McDonald’s and Burger King ads banned for being too close to primary schools

A poster for Burger King’s Whopper Jr £2.99 meal deal. Credit: ASA/PA

Adverts for Burger King and McDonald’s have been banned after they were placed less than 100 metres from the gates of primary schools.

The McDonald’s poster for the Cadbury Flake McFlurry was seen in July at a bus stop 47 metres from the boundary of a primary school.

A poster for Burger King’s Whopper Jr £2.99 meal deal, also seen in July, featured an image of the whopper burger, fries and a zero sugar Coca-Cola and appeared at a bus stop 96 metres from a school.

McDonald’s said it had instructed outdoor advertising company JCDecaux to comply with its policy of not placing any ads for products high in fat, sugar or salt (HFSS) within 200 metres of a school.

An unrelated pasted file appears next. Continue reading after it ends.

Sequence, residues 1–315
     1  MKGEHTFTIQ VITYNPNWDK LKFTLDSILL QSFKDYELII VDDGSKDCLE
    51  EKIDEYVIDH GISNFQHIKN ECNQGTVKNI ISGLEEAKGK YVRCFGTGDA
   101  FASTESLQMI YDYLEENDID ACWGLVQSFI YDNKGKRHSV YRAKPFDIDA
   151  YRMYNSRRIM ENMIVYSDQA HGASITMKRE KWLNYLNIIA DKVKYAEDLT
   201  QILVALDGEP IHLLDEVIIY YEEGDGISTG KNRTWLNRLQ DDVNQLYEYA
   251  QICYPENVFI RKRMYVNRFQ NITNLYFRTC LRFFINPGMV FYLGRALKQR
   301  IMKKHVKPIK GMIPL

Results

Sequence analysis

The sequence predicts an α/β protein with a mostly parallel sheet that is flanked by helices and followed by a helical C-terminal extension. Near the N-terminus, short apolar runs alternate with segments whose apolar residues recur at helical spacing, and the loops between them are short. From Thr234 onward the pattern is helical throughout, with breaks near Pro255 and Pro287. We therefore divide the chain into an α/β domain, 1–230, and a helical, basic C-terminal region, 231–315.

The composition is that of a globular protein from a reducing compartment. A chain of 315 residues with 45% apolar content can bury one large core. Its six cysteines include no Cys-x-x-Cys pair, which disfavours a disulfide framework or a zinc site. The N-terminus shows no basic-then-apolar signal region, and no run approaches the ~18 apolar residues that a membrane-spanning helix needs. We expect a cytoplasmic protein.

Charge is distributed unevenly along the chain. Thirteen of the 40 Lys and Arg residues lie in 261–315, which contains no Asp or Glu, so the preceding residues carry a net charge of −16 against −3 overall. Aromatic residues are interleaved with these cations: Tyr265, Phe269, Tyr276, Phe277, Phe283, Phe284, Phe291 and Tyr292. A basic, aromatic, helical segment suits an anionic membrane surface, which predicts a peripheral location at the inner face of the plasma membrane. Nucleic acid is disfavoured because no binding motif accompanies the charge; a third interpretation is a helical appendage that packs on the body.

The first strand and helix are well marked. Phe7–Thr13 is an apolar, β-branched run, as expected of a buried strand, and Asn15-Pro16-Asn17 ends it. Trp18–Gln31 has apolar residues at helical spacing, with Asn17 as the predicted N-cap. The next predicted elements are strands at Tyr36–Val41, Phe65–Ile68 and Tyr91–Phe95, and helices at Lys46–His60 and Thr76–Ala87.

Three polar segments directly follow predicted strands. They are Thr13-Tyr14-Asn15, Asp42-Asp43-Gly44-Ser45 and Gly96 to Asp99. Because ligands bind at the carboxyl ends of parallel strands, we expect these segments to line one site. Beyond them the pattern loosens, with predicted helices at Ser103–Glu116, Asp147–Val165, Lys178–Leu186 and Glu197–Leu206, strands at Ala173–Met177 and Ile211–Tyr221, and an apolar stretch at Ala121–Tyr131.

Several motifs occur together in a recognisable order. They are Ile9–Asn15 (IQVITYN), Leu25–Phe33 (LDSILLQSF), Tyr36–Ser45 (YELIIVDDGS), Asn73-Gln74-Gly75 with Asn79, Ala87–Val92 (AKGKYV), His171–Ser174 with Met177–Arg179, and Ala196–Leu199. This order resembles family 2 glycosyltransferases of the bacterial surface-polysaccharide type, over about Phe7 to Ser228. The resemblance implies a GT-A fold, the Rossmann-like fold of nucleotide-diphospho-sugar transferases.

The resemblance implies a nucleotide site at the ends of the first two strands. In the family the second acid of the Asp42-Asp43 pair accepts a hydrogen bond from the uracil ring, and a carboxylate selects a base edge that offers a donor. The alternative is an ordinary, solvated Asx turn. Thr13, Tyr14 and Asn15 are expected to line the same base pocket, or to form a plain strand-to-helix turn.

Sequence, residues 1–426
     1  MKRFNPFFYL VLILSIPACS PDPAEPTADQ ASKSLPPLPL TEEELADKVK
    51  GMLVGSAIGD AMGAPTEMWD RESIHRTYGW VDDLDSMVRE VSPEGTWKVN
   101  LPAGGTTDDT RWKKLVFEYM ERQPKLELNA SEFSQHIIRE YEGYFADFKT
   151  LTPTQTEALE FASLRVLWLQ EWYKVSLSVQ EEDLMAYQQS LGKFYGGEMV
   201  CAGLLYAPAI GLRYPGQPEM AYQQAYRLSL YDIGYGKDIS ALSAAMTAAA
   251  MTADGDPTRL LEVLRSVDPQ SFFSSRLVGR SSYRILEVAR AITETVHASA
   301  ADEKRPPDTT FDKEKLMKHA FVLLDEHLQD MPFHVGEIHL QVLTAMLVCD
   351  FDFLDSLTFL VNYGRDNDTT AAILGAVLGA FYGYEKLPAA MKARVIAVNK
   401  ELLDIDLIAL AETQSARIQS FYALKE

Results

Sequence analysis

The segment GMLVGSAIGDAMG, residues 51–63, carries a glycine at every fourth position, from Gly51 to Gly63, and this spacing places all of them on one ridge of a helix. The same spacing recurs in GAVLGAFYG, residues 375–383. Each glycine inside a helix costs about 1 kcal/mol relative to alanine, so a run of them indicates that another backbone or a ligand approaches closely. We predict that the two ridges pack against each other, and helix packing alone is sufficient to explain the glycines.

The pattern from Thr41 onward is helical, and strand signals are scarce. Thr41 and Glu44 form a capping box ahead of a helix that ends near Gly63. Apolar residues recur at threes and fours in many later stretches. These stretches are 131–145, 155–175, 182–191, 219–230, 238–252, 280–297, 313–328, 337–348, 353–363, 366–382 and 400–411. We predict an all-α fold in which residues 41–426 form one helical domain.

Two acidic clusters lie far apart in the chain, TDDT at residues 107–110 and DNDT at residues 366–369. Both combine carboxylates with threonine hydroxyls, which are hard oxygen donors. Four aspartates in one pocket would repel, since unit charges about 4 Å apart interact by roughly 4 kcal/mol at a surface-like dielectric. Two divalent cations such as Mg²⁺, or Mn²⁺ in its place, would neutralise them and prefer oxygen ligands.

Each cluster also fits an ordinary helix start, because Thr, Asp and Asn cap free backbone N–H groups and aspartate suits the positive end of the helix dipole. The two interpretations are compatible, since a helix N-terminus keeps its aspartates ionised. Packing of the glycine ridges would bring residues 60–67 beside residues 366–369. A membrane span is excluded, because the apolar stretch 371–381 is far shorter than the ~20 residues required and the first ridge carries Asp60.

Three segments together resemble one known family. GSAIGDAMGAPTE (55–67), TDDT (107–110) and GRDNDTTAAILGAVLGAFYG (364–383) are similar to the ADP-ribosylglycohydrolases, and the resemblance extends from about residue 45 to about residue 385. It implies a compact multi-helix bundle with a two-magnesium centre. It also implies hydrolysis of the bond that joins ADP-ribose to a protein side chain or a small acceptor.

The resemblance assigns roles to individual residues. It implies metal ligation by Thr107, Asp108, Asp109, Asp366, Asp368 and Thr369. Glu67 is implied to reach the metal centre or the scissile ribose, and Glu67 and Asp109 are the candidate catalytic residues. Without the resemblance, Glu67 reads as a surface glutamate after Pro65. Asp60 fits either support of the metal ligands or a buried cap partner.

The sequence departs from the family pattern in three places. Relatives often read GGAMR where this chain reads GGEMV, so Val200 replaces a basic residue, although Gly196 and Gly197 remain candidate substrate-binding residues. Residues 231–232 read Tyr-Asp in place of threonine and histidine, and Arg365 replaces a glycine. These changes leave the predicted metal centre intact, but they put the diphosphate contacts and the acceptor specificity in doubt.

It said JCDecaux was “solely responsible” for the “oversight” but accepted it was “ultimately responsible for any misplacement of the ad”.

JCDecaux said the Burger King ad had been incorrectly placed due to a “data conflict” in its booking system.

The McDonald’s poster for the Cadbury Flake McFlurry. Credit: ASA/PA

Banning both ads for being inappropriately targeted at children, the Advertising Standards Authority (ASA) told the companies “to ensure that they took measures in future to ensure that HFSS product ads were not directed at children under 16, including that they were not displayed in close proximity to a primary or secondary school”.

McDonald’s said: “On this occasion a mistake was made. We have shared our disappointment with JCDecaux who have apologised for the placement of the advert in question. It was removed as soon as we became aware of the mistake, and we have asked them to review procedures to ensure all possible precautions are taken to meet our voluntary standards.”

Two more ads for HFSS products – a second McDonald’s poster for its Belgian Chocolate Honeycomb Iced Frappe and a poster for Subway’s Mega Melt sandwich – were not banned because they were placed within 100 metres of a nursery and children’s centre rather than schools.

The ASA said nurseries and centres were generally attended by a smaller number of children than schools, which meant the audiences for the ads were unlikely to be significantly skewed towards under-16s.